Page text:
Islamabad (AsiaNews) - Former Prime Minister Nawaz Sharif, leader of the Pakistan Muslim League-Nawaz (PML-N), won Sunday's general elections for the National Assembly. Voting also took place in the country's four provincial assemblies (Khyber Pakhtunkhwa, Punjab, Sindh and Baluchistan). As the Election Commission of Pakistan (ECP) looks into allegations of fraud and irregularities, some political leaders and their supporters are in the streets to challenge the results after images of alleged vote rigging were posted on the net. Meanwhile, many leading lawmakers have gone down to defeat. However, despite accusations and allegations, by throwing their support behind Sharif's party, voters have spoken loud and clear, said Paul Bhatti, a leading Catholic candidate for the Pakistan People's Party (PPP).
Pending an official announcement, Sharif has already received the congratulations of some world leaders, including US President Barack Obama and Indian Prime Minister Manmohan Singh, who looks forward to a close cooperation with the new government in Pakistan.
For the PML-N leader, this would be a third stint at the post of prime minister of Pakistan, following his overthrow in a military coup in the late 1990s.
His party is expected to win about 130 seats in the National Assembly and should reach 137 seats to form a majority government with the support of smaller parties. However, the PML-N's success raises concerns and fears among religious minorities, given its close relationship with the most radical and Islamist groups in the country.
Former cricket champion Imran Khan and his Pakistan Movement for Justice (Pakistan Tehreek-e-Insaf or PTI) have taken second place. He has promised to provide genuine opposition. The outgoing ruling party, the Pakistan People's Party (PPP) is third. Both the PTI and the PPP should have at least 30 seats in the National Assembly.
Later today, the Election Commission is expected to issue final results. Meantime, it announced that voter turnout had reached 60 per cent, up from 44 per cent in the last elections held in 2008.
Speaking to AsiaNews, Paul Bhatti admitted his party's defeat. He is the now former Minister for National Harmony in the outgoing PPP-dominated administration and brother of the late Shahbaz Bhatti, who was assassinated by Islamic fundamentalists in March 2011 when he was Minority Affairs Minister,.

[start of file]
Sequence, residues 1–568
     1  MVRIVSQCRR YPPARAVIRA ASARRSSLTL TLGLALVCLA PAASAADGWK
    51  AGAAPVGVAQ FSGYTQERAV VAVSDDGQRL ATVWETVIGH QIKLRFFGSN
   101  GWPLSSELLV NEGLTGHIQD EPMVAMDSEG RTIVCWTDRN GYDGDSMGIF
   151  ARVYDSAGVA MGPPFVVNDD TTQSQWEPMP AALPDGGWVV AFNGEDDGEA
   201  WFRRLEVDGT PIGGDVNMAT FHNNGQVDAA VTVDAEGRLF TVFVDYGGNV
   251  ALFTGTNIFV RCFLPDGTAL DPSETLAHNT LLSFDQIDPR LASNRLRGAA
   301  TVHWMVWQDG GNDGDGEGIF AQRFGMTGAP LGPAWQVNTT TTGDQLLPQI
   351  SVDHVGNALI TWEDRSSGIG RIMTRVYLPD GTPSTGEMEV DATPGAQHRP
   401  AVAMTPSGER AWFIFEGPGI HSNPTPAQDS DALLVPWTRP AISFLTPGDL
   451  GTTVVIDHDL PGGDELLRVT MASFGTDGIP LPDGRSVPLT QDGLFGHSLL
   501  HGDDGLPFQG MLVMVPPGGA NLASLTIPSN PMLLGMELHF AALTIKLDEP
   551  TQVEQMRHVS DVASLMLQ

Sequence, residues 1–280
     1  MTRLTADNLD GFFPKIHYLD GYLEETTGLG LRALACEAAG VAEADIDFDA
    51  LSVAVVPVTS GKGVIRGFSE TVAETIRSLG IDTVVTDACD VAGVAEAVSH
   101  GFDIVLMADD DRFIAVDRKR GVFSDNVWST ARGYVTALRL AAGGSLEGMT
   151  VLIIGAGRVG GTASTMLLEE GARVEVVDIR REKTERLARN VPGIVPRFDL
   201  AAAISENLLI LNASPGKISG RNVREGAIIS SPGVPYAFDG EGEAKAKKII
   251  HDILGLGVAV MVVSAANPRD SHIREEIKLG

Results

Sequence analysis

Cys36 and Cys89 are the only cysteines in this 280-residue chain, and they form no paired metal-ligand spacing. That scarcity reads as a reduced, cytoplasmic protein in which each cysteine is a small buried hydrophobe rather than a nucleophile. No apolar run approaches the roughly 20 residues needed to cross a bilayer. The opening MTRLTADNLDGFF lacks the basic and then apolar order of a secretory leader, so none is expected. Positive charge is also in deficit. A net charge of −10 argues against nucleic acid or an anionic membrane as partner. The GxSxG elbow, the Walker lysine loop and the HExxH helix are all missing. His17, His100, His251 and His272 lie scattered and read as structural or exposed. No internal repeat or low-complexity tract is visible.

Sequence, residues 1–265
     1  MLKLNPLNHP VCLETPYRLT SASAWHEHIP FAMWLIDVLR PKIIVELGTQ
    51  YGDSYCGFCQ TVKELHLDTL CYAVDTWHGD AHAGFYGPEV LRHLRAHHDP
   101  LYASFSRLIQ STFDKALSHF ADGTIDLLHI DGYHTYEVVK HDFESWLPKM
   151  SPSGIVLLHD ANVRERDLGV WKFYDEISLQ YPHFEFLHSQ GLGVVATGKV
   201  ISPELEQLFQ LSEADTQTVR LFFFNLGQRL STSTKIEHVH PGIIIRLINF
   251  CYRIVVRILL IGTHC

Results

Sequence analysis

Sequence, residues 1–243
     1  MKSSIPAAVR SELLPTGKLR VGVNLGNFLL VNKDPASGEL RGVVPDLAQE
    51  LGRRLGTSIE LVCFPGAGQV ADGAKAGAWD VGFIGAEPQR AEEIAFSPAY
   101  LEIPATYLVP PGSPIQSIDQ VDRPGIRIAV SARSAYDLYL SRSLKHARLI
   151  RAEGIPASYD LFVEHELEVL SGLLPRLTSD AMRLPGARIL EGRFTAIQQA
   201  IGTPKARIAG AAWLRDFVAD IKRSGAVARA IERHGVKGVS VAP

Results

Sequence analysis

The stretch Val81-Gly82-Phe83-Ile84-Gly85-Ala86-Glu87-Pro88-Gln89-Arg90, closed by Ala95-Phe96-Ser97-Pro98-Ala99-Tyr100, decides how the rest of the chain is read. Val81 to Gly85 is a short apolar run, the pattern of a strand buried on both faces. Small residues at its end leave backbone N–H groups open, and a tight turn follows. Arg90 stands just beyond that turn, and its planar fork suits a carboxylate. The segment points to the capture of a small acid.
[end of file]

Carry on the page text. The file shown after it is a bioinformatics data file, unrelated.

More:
"The loss of popular support was brutal," he said. "Sharif's party clearly won despite allegations of fraud, which might have occurred in some places. At every election, there are always claims of vote rigging. However, on this occasion, the outcome is clear."
For Bhatti, public resentment against the outgoing government over outstanding and unresolved problems, like security, energy and unemployment, explains the defeat. Terrorism and domestic violence are additional factors.
"Ours was a weak government," he said, "with many allies but little coherence. During the election campaign, we received threats. In the past, we also lost important leaders, like my brother Shahbaz, who was killed by extremists."
Despite everything, Paul Bhatti does not plan to leave the political scene. Instead, he intends to pursue new battles. He wants to promote his association, the All Pakistan Minorities Alliance (APMA), and fight for a different electoral system for minorities and their full integration into the community. Equally, he plans to fight abuses related to the blasphemy laws, and wants the new government to deal will three priorities, namely law and order, the economy and the energy crisis.
For Mgr Rufin Anbthony, bishop of Islamabad/Rawalpindi, "the elections are an example of a smooth transition of power from one government to another, according to the principles of democracy."
"We prayed for Pakistan," he said, "and it is nice to see Christian candidates take part in the vote, although they have not been very successful. What counts here though is being part of the system."
The prelate is hoping and praying that "the next government will be able to bring peace and harmony to the country."
Faisal Khattak, a Muslim political analyst, is not at all surprised at the results given the fact that those in power failed to address the problems of Pakistan's economy and society.
He is especially impressed by "the people of Karachi who have shown courage by standing up against the atrocities. This is a wave of change; the people have stood up for Pakistan," he said. (DS)
Jibran Khan contributed to the article.